1. The S-word

Taxpayers spent $2.4 million to design this 25,000-seat stadium at Shannon Park, and a half a million dollars more to study building a 10-14,000 seat stadium at Shannon Park, and then another million dollars to study building a 20,000-seat stadium at Shannon Park. Now the city is being asked to look at another stadium proposal.

No, not soccer, but we’ll start with that. Reports Chris Cochrane for Local Xpress:

The top official with a new Canadian pro soccer league, planned for a 2018 start in several major Canadian cities, was in Halifax Wednesday for talks with those behind a proposed local franchise.

Halifax-based sports promotion firm Sports & Entertainment Atlantic president Derek Martin met with veteran international pro soccer executive Paul Beirne, who is handling early duties for the fledgling Canadian Premier League.

So far so good. And the proposed league has a conservative, restrained business case:

“This gives us an opportunity to play on that stage as national players but in a much more right-sized, reasonable format,” he said. “The plans for this league would be budgets around 6,000 to 8,000 fans per game. I’d always said that’s the right size for Halifax. We’ve proven it for the Mooseheads and with the University Cup. When you start planning for events over 10,000 the numbers don’t work. Our population can’t sustain that.”

This seems reasonable. Some private businesspeople want to start a company based around soccer, and they appear to have the expertise to pull it off, so good luck! …. Oh, wait, there’s that other S-word:

The team would require a new stadium or huge refurbishing of an existing structure. Martin said he hopes a small stadium can be built in the downtown area, where it could serve a role similar to [$48 NSF Fee] Centre as a sports entertainment focal point in the entire community.

His group is already eyeing a familiar downtown sporting landmark.

“We’ve talked to the city about the opportunity to do it at the Wanderers Grounds. We have to make a good case to the city why this is a good idea. We’ve already got plans for an 8,000-seat stadium on that site with the ability to expand.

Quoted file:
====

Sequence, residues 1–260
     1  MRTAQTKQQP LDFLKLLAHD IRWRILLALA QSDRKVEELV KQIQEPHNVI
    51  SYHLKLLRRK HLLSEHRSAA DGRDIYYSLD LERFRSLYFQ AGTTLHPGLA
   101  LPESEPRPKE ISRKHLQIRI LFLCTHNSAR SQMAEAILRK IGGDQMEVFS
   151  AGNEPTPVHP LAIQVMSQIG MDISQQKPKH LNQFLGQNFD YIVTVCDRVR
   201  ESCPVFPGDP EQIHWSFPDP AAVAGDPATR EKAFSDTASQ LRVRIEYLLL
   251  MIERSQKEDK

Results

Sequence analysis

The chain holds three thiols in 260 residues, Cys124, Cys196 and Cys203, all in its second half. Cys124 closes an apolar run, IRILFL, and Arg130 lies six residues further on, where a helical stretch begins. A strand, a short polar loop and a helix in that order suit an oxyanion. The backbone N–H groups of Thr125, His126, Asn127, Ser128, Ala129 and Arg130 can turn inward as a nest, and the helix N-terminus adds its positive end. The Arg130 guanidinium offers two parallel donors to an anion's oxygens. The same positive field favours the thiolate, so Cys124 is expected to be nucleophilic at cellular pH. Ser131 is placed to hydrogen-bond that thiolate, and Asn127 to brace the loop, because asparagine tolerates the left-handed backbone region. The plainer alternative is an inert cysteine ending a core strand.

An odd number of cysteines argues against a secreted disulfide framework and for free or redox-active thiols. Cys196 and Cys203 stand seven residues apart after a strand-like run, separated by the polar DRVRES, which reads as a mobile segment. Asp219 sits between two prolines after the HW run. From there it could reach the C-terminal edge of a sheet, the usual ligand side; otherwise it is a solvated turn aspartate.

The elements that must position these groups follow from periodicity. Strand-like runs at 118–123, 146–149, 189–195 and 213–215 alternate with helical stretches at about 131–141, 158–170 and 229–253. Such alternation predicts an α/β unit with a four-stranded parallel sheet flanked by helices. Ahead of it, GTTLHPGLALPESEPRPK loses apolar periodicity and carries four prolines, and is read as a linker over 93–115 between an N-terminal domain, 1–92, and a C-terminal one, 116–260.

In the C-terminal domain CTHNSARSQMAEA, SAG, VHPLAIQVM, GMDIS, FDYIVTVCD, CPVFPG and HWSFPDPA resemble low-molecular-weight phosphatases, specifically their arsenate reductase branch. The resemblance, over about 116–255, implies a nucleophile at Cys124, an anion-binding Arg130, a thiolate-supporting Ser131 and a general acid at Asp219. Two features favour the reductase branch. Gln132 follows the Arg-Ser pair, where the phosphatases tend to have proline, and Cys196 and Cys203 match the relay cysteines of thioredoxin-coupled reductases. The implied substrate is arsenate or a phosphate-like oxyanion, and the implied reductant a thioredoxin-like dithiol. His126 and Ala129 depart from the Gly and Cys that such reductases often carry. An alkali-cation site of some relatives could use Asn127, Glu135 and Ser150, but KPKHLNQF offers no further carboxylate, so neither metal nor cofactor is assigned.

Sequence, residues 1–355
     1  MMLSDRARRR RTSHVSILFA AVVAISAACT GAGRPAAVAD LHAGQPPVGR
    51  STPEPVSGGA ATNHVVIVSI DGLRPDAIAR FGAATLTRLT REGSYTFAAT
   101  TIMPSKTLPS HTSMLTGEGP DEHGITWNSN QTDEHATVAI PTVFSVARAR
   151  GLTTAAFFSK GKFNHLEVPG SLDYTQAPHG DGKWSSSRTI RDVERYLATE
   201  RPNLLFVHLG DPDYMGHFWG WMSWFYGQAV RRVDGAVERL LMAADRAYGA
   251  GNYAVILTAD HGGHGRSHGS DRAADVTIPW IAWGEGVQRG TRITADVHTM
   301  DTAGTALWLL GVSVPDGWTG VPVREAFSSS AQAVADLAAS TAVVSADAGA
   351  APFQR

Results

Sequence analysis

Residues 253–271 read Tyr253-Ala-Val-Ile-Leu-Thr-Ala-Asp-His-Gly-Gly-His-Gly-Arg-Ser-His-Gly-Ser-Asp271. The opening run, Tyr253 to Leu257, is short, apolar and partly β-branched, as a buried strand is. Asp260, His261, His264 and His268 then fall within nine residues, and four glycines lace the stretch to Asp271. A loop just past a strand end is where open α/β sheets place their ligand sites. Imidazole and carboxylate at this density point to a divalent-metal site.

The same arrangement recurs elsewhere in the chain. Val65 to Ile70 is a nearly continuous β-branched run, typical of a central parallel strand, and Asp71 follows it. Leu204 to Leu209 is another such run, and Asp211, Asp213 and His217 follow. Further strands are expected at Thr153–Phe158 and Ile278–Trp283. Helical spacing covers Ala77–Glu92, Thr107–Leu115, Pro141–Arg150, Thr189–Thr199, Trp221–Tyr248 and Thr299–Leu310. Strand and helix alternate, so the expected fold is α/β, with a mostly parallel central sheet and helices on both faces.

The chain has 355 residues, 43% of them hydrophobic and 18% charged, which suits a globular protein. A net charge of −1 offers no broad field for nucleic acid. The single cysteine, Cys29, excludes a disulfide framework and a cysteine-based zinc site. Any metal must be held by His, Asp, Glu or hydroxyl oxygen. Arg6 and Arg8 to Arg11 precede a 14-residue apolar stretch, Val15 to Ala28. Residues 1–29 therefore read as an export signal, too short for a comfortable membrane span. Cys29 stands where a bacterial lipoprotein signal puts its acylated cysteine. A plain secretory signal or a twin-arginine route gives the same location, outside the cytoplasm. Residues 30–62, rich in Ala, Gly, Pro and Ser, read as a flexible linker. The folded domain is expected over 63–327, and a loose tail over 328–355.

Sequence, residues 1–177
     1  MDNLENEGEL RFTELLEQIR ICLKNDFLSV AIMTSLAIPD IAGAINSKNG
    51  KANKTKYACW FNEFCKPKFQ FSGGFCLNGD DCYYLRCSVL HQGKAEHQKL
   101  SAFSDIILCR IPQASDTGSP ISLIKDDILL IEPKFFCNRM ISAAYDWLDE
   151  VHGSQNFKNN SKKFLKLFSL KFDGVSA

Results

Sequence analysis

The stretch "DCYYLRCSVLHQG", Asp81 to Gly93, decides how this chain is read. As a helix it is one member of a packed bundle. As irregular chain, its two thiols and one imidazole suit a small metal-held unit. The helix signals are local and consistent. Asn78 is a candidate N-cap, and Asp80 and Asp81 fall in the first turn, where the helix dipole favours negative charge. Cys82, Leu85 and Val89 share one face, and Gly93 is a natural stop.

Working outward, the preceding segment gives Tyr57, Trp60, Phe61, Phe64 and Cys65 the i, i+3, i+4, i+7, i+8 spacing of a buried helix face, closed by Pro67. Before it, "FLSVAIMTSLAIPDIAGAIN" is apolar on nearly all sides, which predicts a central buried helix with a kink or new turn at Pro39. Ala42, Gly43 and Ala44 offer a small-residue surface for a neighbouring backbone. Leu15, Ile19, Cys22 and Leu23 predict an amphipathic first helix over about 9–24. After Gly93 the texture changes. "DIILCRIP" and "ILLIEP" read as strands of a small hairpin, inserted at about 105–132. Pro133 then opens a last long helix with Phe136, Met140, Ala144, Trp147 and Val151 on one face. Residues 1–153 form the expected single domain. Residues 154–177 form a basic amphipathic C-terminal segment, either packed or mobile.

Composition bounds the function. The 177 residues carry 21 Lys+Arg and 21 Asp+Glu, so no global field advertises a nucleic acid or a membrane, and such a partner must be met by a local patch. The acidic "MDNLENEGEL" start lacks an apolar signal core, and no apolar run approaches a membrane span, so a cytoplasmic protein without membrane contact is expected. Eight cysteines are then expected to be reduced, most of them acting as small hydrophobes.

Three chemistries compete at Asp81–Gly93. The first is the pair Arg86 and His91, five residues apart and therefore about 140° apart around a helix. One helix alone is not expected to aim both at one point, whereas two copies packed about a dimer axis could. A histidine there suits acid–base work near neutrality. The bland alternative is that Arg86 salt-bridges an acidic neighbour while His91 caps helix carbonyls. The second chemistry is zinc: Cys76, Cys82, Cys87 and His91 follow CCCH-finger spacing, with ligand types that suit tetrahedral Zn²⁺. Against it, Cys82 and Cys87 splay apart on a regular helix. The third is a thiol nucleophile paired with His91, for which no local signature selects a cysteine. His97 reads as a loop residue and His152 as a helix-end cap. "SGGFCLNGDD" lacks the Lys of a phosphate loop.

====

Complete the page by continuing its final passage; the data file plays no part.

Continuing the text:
Martin said he’s reluctant to talk cost, until more details of the proposed league become known. But the intention is to build a very modest temporary stadium “in the few million dollar range” that can be expanded if needed.

“It would be about 15 home games a year,” he said of the Canadian Premier League use from late April to November. He said once there was a proper facility other sports, such as rugby and outdoor lacrosse, could be played there and other sporting events brought to the city.

It’s not clear if Martin is suggesting that his group will pay for the stadium or if he’s asking the city to build it. If the former, I say let them have at it. If they want to build a facility on public land on their dime, so long as it can be used for other functions, that’s OK with me.

And even if they want the city to pay for the thing, I’m not automatically opposed. It isn’t crazy that a modestly sized and modestly priced stadium for uses such as these can be part of the city’s recreation program. But I know how these things go: people will demand that it be big enough for headliner concerts and say it must seat 20,000 people in order to attract a CFL team (which will never happen, for reasons Martin articulated above), and next thing you know we’ve got a $120 million white elephant.